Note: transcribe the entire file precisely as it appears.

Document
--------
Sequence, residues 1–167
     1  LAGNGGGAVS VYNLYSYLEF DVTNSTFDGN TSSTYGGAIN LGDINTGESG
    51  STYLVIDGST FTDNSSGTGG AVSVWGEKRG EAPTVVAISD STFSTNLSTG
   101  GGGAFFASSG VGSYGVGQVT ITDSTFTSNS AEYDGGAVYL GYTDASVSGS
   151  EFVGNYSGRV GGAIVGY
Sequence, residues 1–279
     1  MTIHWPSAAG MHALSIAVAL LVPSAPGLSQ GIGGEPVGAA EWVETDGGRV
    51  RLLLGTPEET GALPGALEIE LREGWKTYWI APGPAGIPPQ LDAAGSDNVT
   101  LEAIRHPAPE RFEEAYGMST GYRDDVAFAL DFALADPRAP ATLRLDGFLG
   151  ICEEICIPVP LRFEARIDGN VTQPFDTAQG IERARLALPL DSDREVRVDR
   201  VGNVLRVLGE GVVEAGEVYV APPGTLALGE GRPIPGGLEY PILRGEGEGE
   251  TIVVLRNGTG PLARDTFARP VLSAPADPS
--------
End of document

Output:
Sequence, residues 1–167
     1  LAGNGGGAVS VYNLYSYLEF DVTNSTFDGN TSSTYGGAIN LGDINTGESG
    51  STYLVIDGST FTDNSSGTGG AVSVWGEKRG EAPTVVAISD STFSTNLSTG
   101  GGGAFFASSG VGSYGVGQVT ITDSTFTSNS AEYDGGAVYL GYTDASVSGS
   151  EFVGNYSGRV GGAIVGY
Sequence, residues 1–279
     1  MTIHWPSAAG MHALSIAVAL LVPSAPGLSQ GIGGEPVGAA EWVETDGGRV
    51  RLLLGTPEET GALPGALEIE LREGWKTYWI APGPAGIPPQ LDAAGSDNVT
   101  LEAIRHPAPE RFEEAYGMST GYRDDVAFAL DFALADPRAP ATLRLDGFLG
   151  ICEEICIPVP LRFEARIDGN VTQPFDTAQG IERARLALPL DSDREVRVDR
   201  VGNVLRVLGE GVVEAGEVYV APPGTLALGE GRPIPGGLEY PILRGEGEGE
   251  TIVVLRNGTG PLARDTFARP VLSAPADPS